Nobody likes those notices. The bad thing is IRS wants some money, and if the changes are correct, Virginia will want some, too. The good thing is you can, and should, review the notice to insure it is correct. First, make any corrections you can to reduce the taxes due, then payment arrangements can be made.Education credits
are more complex than most people realize. The credit is not just based on what was paid. I suggest you consult a tax pro in your area, and/or review the calculations in IRS Pub. 970. It's complex because of the fiscal year reporting at many schools, versus the calendar year for most taxpayers. I just fixed one of these notices for a client, and was able to claim substantial credits due to that issue.
Inherited IRA accounts are taxable, since there was likely a tax benefit received when your Mom contributed. If there is a difference between what your 1099 said was taxable and the IRS position, I would want to know why. Again, a review with a tax pro makes sense here.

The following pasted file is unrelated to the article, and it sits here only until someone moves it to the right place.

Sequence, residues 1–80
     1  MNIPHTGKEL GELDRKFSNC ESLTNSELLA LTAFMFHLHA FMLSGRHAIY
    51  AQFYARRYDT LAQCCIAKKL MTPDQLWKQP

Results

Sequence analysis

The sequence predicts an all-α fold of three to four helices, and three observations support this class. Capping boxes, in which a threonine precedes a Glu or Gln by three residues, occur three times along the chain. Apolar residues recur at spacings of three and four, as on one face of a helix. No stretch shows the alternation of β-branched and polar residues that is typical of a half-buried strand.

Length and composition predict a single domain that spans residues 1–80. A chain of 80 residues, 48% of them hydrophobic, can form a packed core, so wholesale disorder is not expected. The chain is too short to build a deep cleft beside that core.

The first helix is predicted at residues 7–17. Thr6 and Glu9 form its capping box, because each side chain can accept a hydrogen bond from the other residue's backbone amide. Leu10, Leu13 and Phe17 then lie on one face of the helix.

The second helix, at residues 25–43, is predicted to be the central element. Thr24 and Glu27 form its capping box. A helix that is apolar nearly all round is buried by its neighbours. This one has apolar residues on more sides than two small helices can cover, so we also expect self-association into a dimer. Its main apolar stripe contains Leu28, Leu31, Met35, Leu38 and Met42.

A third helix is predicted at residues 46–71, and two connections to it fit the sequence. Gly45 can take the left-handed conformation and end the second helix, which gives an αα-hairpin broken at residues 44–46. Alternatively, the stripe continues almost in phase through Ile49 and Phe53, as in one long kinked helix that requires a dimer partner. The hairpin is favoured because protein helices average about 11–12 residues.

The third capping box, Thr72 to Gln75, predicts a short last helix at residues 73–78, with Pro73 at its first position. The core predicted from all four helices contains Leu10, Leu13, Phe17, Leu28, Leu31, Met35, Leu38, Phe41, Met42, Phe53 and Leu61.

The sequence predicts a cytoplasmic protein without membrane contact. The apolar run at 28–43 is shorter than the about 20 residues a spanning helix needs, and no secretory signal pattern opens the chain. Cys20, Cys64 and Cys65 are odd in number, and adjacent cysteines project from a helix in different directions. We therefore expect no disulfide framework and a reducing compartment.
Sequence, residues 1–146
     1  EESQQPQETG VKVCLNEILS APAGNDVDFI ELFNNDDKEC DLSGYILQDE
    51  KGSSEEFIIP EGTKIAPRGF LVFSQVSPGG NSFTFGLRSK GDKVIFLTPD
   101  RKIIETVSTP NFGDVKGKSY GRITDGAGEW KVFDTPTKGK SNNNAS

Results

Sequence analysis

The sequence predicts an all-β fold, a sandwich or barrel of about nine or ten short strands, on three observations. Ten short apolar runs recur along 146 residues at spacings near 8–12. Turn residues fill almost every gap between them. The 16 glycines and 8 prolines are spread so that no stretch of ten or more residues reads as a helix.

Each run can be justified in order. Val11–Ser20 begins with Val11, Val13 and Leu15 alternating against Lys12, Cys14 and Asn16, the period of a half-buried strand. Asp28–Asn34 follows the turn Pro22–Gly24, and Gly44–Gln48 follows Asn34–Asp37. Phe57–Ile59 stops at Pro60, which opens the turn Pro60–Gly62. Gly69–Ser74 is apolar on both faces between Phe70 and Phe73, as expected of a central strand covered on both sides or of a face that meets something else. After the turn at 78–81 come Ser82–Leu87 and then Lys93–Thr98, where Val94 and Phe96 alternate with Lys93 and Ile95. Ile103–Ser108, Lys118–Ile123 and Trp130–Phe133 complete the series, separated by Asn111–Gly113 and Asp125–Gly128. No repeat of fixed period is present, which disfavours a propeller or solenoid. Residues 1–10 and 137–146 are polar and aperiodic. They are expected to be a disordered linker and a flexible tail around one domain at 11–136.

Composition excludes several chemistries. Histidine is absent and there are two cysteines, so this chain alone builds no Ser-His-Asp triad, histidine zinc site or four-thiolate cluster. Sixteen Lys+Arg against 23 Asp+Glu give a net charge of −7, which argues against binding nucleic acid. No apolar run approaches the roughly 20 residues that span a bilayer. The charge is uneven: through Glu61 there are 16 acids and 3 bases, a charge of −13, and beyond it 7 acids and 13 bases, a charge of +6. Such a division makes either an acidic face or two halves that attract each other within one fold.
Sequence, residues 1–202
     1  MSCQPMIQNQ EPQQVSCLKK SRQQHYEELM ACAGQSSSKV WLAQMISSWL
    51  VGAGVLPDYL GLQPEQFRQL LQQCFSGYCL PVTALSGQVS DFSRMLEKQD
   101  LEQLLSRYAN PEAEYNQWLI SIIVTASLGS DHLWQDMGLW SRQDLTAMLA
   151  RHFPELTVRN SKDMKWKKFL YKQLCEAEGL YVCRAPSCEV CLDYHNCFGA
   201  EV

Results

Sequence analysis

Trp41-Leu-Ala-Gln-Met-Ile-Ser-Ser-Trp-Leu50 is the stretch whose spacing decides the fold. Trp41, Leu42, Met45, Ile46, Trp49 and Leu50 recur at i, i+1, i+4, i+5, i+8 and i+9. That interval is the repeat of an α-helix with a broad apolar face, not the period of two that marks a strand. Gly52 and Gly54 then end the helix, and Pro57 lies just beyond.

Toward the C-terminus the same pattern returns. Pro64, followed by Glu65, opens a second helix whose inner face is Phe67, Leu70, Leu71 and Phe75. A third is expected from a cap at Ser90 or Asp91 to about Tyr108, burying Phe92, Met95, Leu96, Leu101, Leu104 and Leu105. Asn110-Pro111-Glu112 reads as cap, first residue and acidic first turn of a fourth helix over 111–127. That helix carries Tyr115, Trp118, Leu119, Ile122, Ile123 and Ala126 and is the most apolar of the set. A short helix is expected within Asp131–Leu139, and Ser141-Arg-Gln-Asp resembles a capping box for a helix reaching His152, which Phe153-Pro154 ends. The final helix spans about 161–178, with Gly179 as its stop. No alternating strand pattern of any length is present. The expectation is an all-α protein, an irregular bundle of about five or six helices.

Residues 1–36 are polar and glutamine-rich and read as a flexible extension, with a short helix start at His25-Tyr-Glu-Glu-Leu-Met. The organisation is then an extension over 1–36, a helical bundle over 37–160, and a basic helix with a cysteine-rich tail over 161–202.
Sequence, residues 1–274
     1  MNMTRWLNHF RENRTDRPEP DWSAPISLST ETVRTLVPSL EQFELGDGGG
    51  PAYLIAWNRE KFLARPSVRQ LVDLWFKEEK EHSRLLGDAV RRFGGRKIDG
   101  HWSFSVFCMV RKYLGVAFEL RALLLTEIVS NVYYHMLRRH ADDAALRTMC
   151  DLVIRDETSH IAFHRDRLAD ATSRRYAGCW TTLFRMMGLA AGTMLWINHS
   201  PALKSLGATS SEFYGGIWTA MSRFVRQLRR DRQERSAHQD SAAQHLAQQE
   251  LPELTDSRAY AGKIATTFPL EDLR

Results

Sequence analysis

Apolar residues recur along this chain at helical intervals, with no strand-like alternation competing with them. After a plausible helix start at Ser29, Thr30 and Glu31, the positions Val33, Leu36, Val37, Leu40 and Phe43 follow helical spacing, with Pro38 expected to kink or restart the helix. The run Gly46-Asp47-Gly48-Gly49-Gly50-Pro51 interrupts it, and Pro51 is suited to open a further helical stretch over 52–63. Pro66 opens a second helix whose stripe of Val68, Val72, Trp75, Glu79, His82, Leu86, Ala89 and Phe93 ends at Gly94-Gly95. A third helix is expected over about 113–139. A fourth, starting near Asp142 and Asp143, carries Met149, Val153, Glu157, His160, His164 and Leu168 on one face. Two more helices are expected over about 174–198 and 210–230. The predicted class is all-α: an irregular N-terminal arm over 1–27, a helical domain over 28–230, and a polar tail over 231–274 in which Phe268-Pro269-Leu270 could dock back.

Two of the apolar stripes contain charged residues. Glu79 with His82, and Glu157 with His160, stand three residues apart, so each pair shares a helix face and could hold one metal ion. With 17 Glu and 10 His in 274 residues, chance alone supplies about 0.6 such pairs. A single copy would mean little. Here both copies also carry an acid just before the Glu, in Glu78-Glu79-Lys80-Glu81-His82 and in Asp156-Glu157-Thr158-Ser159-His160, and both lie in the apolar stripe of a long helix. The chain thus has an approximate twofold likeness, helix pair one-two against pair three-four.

Ok, so let's say the pro corrects the IRS notice and you owe $1,500, and that's still too much to pay all at once. First, you have to add the Virginia amended return
to report the income to them, and maybe they want an extra $300.
Pay the state bill first, as it is likely manageable. Then, IRS will work with you to allow for formal installment payments on the amended return you file (correcting some of the IRS math) and add Form 9465. On it, you specify how much you want to pay, and when, and for how long. Approval is essentially automatic, and you can even set up direct debit to make the monthly payment.
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